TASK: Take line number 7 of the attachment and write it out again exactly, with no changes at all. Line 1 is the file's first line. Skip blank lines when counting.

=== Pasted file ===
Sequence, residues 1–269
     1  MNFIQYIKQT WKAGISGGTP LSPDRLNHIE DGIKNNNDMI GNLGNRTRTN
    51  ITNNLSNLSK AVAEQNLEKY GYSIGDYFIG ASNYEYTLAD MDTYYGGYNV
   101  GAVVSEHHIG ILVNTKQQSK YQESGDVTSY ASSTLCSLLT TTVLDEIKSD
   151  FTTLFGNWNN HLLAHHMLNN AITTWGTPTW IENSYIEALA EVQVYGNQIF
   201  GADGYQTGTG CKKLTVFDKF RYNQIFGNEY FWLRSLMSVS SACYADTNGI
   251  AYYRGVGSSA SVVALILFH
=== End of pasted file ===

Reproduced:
   251  AYYRGVGSSA SVVALILFH